Why Western Christianity Failed 2
In September and October 2009 Deeper Walk International brought an interesting series of webinars on the topic of “Why Western Christianity Failed.” The speaker was Dr. Jim Wilder from Shepherd’s House in California.
- The first part was about a 300 year old philosophy that heavily influenced Western Theology (which I summarized here).
- The second part looked at how medieval psychology influences us until today (see summary below).
- And the third part explained how we ended up with a false dichotomy because of these two influences.
In this post I will give a summary of part two:
Many people don’t realize that our Western theology has been influenced by all kinds of things besides the Bible.
Among other things are:
- rationalism – is about thinking the right things
- voluntarism – is about making the right choices
- Pietism – had the tendency to neglect the body
- Northern European culture – influences people to live in survival mode, value stoic resolve, ignore pain and emotions
>> All these affect our theology.
>> All these even affect how we do Bible translation.
>> They influence what we think is important.
One major influence is the medieval psychology that divides human beings into two main parts:
Physical conditions, the body, emotions and anything related were considered of doubtful use for spiritual things. In contrast, the intellect and the will were seen as separate from the body. Today we know that intellect and will are tied up in the same body, and interact strongly with each other. They cannot be separated from each other as medieval psychology did.
Despite newer insights into how God created us (body and will interconnected), theology still uses these categories until today.
Our bodies are seen as something fallen and unable to please God, while the spirit and will were seen as more important because they can be affected by God, as something that God can transform. The will is fallen but can be empowered by God’s grace to make the right choices. The body and emotions are only causing trouble (implicit – they are beyond God’s power to transform). Therefore the body was left out of any teaching and considered unimportant. The soul was sometimes included with the body, and seen as causing trouble. The only hope was that God would transform the spirit enough to dominate body and soul. The solution to this problem is to have more “truth” (teaching, knowledge) to help the spirit dominate the body.
The result is a false dichotomy that influences our theology until today.
This made perfect sense in medieval psychology but not today!
It is in contradiction to what we know today about the brain:
Our brain is primarily relational. Any strategy that bypasses the dominant emotional and relational center of the brain, and emphasizes thinking and will, is not “Good News” at all. As a result we keep trying to think the right things, but we are still acting and reacting the wrong way.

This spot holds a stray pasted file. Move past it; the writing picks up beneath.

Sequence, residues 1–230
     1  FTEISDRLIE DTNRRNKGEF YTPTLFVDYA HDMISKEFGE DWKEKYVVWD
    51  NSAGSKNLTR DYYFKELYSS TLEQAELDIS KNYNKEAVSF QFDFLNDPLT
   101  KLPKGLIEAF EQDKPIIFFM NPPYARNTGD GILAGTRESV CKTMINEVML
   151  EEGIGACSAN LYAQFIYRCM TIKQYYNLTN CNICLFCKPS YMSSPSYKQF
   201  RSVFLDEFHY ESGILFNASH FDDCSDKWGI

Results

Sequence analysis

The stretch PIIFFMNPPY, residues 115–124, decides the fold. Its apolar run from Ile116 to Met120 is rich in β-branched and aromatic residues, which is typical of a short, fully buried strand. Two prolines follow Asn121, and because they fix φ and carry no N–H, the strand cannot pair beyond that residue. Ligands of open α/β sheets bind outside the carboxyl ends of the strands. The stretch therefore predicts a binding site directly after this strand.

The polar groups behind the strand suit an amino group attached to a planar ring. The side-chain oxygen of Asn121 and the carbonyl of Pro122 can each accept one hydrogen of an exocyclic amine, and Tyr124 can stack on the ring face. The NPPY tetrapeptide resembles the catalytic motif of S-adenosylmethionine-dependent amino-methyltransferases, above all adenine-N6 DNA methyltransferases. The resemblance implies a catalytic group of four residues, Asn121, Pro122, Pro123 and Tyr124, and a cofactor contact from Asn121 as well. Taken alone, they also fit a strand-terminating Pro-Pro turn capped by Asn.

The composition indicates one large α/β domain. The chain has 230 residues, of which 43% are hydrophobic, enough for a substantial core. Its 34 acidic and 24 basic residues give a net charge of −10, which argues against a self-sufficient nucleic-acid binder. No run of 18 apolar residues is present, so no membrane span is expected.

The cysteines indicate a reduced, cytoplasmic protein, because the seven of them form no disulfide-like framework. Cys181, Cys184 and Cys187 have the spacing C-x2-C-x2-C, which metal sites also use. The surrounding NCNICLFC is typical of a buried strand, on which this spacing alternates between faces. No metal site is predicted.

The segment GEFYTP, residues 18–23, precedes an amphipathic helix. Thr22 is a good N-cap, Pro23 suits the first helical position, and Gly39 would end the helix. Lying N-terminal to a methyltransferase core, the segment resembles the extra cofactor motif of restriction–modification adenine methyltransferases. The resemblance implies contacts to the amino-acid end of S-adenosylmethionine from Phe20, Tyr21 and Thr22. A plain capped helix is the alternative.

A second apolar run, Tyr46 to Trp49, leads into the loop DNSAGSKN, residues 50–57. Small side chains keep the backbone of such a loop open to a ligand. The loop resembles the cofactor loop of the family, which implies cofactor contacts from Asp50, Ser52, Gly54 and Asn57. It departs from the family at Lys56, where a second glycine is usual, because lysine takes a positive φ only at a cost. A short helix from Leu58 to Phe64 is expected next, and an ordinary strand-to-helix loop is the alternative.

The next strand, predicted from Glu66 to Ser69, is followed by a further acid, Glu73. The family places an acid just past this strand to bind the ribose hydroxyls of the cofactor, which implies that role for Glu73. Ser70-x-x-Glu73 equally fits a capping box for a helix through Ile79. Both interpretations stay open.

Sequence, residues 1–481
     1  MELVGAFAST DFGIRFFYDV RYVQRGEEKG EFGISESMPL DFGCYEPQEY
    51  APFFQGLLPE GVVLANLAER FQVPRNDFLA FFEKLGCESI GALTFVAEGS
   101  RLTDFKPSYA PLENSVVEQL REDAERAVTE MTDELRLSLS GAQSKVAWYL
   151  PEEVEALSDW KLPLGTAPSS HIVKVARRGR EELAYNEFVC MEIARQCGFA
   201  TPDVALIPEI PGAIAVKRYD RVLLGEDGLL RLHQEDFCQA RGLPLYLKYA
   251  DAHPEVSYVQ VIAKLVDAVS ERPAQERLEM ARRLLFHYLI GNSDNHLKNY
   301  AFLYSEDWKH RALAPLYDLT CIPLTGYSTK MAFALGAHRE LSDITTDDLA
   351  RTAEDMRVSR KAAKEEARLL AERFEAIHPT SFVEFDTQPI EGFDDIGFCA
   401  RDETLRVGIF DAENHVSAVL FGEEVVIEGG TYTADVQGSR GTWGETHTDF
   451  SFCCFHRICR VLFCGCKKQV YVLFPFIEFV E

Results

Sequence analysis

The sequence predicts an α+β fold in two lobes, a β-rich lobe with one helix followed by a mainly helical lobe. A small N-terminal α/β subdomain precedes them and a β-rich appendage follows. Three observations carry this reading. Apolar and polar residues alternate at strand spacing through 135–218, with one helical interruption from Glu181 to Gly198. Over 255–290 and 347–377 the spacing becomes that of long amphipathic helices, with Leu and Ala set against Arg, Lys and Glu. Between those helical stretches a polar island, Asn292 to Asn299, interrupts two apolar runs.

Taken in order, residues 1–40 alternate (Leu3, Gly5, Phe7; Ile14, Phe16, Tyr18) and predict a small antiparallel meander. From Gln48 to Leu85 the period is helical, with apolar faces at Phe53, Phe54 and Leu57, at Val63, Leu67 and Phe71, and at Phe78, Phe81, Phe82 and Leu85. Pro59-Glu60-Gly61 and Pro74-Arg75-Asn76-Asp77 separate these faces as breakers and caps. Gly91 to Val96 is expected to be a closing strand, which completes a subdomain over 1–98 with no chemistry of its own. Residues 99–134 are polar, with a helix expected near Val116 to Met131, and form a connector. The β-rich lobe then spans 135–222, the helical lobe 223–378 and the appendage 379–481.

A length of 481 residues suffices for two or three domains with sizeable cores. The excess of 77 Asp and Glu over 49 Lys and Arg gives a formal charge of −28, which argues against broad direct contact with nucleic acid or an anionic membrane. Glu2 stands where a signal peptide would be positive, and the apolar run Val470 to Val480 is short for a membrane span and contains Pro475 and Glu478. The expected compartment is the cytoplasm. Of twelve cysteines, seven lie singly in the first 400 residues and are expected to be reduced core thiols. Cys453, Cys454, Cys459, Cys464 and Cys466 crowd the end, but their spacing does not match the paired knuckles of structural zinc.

Antonio R. Damasio in his book “Descartes’ error” pointed out that what makes the human mind run are our emotions not reason. For example, trauma recovery requires body awareness. The priority of our brain is to first ask what our body feels before asking what we think about something.
This has to do with our vagus nerve, which tells the brain what we feel like and influences our relationships and what we like. This vagus nerve does not sound very spiritual but influences everything we consider spiritual. It has two parts:
dorsal vagal – takes care of your own body
ventral vagal – regulates interpersonal relationships
Maybe it is more important to make our vagus nerve “Christian” more than our thinking!
The Old Testament refers to our “inward parts” (e.g. Jer 4:19, Lam 2:11) but they are often translated with ‘mind’ in Greek. In other places the Hebrew text speaks about the “bowels.” The translation of these verses often shows a lot of bias. Since the body is not important, bowels are sometimes translated as heart and sometimes as bowels and nobody cares if these are really referring to the same thing.
Conclusions from Voluntarist Philosophy
>> Western Christianity became about ideas and choice
>> Solution – all important life problems are corrected by truth and choice
>> This statement should feel true to you because your culture says it’s true
>> The Bible translations were made to fit that assumption due to language and culture.
Conclusions from Medieval Psychology
>> Choice is in the intellect
>> Will is in the reason
>> Intellect and reason are in the mind /spirit
>> Bible translation is made to fit those assumptions
>> The mind and spirit are changed by choices and knowledge
>> The body and emotions are not important for the spiritual life as will and choice.
Corrections to Medieval Psychology
>> What controls the brain, will, body and emotions is relationship not information.
Who you love or who you fear, will determine what you’ll choose, how your body responds to it and how you feel about it. That relationship is actually experienced in your brain, not your emotions, not your body, not your will.
>> We have more than one will and there can be conflict.
>> Emotions and related body responses are in executive control of the brain
>> Relationships based on love produce very different interpretations of the information in the intellect than the same information with fear.
For example, “your dad is coming” can produce two different reactions, depending whether your relationship is love or fear based. The same happens with biblical information – “God is watching you” can cause two different reactions.
Living with the Lord means having our “bowels” transformed.
We need a Christianity that transforms both sides of our character, our body not just our mind. We need to overcome this false dichotomy (more about it in part 3).